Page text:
So, while I would neither pull a racist book with great historical significance from the shelf, nor advance its propaganda, I believe it has a place in our libraries. In the case of this type of literature, I would also encourage parents to have open discussions with their children about racism and its consequences before and after reading the material. Books alone cannot raise a knowledgeable, open-minded, and culturally accepting individual. The job also falls upon parents, as well as teachers and librarians, and we lead the way through our actions. Instead of fearing history and its many truths and perspectives, we must show our children to face the truth and to use the knowledge they gain to build a better and more tolerant world.
As well as historically significant works that can be used to promote cultural differences and advance us a society, contemporary materials which promote diversity have an important place in the library as well. These materials, too, can become topics of debate, often by those who would diminish the importance of creating a diversity-rich environment at the library. Check out Right-Wingers Are Taking Over Library Boards to Remove Books on Racism for more news on this topic.
While most individuals would probably agree with the practice of providing foreign language books to serve people from a variety of cultures, there are those who oppose the practice. As a professional librarian, I know that your background, including your language, should never stop me from providing you with resources and services that you are confident you can comprehend. As an American, I want all members of my community to have access to information, to have opportunities to learn and advance and to share ideas with one another.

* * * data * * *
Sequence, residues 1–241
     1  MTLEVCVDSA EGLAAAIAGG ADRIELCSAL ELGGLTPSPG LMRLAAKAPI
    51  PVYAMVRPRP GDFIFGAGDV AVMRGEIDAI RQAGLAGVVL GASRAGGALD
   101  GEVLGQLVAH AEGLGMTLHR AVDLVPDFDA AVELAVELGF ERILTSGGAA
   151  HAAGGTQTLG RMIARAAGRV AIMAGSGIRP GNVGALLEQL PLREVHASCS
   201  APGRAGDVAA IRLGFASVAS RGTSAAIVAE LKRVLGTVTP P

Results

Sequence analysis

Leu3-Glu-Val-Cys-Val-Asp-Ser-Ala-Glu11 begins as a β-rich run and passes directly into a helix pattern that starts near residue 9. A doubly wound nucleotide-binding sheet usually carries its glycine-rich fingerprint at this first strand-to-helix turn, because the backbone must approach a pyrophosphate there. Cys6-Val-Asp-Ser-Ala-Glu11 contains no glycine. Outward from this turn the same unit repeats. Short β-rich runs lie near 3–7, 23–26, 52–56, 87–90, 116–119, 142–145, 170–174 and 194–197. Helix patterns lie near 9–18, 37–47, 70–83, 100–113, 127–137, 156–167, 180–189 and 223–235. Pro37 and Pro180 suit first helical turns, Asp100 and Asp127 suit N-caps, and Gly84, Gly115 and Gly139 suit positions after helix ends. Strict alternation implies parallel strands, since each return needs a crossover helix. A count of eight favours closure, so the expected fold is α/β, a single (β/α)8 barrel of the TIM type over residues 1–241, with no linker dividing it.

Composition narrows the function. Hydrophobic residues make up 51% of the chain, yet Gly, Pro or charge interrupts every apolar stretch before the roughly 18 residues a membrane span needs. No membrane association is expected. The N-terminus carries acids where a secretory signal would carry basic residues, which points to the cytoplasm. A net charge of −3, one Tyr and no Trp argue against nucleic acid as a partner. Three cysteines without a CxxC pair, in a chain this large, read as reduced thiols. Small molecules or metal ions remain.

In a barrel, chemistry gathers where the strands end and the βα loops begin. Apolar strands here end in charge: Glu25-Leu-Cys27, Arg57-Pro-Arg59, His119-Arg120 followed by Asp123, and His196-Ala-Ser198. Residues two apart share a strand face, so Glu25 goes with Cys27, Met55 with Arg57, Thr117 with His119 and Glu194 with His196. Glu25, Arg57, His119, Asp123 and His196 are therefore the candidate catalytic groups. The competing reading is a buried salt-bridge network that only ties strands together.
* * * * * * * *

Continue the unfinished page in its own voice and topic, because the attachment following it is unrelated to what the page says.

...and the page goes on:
When we limit the ability of a group to achieve, grow, and contribute, we do ourselves a great disservice. School libraries are more than just books and databases and public libraries are more than places where we circulate materials and attend programs. Libraries are, in a sense, us. Public and school libraries consist not only of the buildings at which we learn and the materials we learn from; they are also made up of the individuals who use and share resources, bringing their own experiences and wisdom to the table.
The more we welcome diversity and reward truth, the more we, as well as our children, can glean from the library. I encourage you to see and use your library as a hub of the community, as well as to act as a guiding figure for young people, who need accepting role models with open hearts and open minds. Support your library and librarians by patronizing the library and help your child grow into a strong adult by providing the guidance that she needs. Librarians form an important part of your child’s life by providing materials and services and we count on you to decide what is right for your child and to allow us to serve you.
Neither librarians nor parent-guardians can fulfill their roles easily without supporting the other. It’s a beautiful relationship. Help us promote truth and preserve history by making library visits and clear communication a part of your home. Let’s work together to help the next generation learn from the mistakes and successes of our own.
If you’re interested in learning more about how libraries preserve history, check out one of these articles:
- New toolkit from University Libraries helps communities tell their stories
- Public history and public libraries: A natural affinity
For more information and stories about how libraries defend the truth and promote diversity, navigate to one of these links:
- To Tell the Truth: Public Libraries in the Fight Against Misinformation, Disinformation
- Most Americans — especially Millennials — say libraries can help them find reliable, trustworthy information
- Breaking News Will Not Break Us: Mental Health and Libraries During COVID-19
- Meet the Southern librarians fighting for racial justice and truth-telling
- Gateways to Cultural Diversity: Libraries as multicultural hubs